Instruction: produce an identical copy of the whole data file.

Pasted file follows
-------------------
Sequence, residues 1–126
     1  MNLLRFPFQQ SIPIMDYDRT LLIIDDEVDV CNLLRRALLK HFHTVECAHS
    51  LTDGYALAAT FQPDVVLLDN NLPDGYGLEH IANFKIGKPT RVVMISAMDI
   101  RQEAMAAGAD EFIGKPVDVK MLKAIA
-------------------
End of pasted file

Sequence, residues 1–126
     1  MNLLRFPFQQ SIPIMDYDRT LLIIDDEVDV CNLLRRALLK HFHTVECAHS
    51  LTDGYALAAT FQPDVVLLDN NLPDGYGLEH IANFKIGKPT RVVMISAMDI
   101  RQEAMAAGAD EFIGKPVDVK MLKAIA